HOPE: Filling in the Science Behind Protective Factors

CSSP’s Senior Associate Cailin O’Connor provides her reflection about her work with the Strengthening Families Protective Factor Framework as a guest author for HOPE—Healthy Outcomes from Positive Experiences and explores how by both assessing the strengths of children, families, and communities and measuring positive childhood experiences, we can work to ensure that all families and children have support to ensure positive experiences, promote better outcomes, and combat barriers tied to systemic oppression.

“The Strengthening Families framework identifies five protective factors, but of course there are far more than five possible strengths in people’s lived experiences. These strengths, and the positive experiences they facilitate, profoundly influence a child’s experience of adversity – including by making those adverse experiences less likely, by buffering a child from the negative effects of adversity, by restoring a sense of safety as quickly as possible after a stressful experience, and by promoting healing and resilience. In the research on positive childhood experiences (PCE) and the HOPE framework, we see these interactions play out, where a high PCE score is correlated with better outcomes overall, as we would probably all expect. But not only that: a high PCE score also mitigates the effect of a high ACE score.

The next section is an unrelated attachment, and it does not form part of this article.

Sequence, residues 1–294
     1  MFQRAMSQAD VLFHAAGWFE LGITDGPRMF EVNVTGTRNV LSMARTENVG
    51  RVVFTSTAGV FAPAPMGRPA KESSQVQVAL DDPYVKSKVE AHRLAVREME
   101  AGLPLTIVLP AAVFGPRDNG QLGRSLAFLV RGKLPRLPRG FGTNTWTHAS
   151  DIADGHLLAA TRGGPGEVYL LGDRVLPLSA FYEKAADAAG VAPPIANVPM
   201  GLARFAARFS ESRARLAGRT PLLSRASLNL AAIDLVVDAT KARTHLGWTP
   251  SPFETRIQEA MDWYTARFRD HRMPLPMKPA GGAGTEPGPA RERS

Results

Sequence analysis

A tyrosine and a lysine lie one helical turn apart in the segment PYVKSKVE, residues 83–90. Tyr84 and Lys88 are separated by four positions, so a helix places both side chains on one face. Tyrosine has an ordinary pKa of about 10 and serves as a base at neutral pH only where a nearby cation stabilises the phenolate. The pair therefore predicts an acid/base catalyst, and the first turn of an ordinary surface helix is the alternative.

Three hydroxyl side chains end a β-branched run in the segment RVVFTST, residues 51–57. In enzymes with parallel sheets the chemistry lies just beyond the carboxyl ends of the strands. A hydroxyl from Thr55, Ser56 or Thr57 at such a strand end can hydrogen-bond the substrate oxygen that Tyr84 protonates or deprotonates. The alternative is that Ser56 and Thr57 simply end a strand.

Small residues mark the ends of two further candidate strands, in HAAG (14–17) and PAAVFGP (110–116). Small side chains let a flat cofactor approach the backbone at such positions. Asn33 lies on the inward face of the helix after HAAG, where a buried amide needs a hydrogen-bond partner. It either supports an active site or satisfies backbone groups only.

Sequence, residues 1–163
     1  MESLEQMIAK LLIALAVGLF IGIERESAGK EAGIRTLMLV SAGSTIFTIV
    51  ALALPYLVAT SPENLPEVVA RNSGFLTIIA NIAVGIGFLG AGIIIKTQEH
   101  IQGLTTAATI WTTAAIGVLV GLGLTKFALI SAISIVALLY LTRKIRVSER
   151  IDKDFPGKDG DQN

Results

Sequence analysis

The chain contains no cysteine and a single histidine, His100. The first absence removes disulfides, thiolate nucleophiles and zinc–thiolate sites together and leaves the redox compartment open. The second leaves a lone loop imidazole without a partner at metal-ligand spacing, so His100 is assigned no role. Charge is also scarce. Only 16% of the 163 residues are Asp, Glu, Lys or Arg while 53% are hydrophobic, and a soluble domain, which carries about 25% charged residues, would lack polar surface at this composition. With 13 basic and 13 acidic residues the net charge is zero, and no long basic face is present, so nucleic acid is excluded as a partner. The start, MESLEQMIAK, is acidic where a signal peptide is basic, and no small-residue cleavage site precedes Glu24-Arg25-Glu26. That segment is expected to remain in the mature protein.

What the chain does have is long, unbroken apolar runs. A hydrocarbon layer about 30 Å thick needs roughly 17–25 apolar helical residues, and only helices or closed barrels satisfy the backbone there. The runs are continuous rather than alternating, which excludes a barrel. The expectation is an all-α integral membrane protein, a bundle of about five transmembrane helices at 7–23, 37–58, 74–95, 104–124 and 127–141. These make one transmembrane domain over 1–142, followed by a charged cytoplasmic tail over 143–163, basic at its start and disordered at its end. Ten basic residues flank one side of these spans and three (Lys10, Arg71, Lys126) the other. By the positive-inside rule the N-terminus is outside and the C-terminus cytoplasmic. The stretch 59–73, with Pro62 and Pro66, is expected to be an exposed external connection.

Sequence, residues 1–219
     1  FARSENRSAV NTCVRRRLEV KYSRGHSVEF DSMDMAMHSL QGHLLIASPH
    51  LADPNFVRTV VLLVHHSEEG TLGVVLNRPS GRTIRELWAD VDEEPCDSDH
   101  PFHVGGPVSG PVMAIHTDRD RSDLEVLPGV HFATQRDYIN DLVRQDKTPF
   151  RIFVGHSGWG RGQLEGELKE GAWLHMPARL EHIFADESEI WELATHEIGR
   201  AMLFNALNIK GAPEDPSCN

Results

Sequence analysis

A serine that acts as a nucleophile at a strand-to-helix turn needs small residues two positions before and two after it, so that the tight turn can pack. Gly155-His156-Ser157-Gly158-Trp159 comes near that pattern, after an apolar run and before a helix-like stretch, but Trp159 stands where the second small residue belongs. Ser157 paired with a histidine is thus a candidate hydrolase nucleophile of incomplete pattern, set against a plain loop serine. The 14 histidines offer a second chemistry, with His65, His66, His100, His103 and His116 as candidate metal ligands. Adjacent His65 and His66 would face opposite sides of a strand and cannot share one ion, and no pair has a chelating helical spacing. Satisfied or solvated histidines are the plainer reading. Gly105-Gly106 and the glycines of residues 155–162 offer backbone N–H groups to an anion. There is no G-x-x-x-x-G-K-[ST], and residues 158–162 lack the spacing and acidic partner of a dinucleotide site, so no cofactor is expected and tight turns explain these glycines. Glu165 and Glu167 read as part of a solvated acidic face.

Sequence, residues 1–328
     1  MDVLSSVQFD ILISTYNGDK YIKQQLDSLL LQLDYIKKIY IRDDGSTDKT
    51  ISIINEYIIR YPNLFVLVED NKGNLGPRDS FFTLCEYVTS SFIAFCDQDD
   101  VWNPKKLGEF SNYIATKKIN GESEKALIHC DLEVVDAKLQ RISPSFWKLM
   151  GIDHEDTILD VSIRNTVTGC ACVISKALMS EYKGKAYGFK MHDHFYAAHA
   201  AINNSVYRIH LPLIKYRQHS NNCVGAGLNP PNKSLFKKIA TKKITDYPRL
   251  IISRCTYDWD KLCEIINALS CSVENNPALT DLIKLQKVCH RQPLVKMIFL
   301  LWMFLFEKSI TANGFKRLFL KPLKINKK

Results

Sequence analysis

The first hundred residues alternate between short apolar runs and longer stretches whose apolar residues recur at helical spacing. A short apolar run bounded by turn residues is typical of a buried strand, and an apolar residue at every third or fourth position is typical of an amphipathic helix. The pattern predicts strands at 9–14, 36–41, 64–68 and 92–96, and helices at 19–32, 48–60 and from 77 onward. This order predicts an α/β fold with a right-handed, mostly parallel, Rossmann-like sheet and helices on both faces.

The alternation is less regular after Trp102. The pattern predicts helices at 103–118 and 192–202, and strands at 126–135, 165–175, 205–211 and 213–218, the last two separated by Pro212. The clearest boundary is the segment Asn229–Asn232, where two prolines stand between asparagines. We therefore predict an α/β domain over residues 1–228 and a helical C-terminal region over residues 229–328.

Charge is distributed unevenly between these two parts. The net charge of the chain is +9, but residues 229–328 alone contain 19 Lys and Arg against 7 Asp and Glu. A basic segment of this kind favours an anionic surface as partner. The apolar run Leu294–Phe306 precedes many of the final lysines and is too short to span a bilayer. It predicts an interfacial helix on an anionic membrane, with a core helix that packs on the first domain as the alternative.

It’s also critically important that the PCEs measured in the current research are accessible to all families. We know that risks are not equally distributed in our society – a fact that has become undeniable in recent months, as Black, Indigenous, and people of color (BIPOC) have been disproportionately affected by both the health and economic consequences of the COVID-19 pandemic, and as protests over police brutality and systemic racism have swept the country in response to the murder of George Floyd. Our country’s long history of racist policies and systems exposes Black, Indigenous, and other families of color to higher levels of risk, on average, than White families. Immigrant families experience higher levels of stress due to current policies and fear that can stop people from seeking help when needed. Those risk factors are compounded by the stress of living in a racist society (counted as an ACE in some recent studies). It is clear that assessing a child, family, or community by the risks and adversity they face is intricately tied to their race, ethnicity, immigration status, and socioeconomic status.”

Read the full blog post here.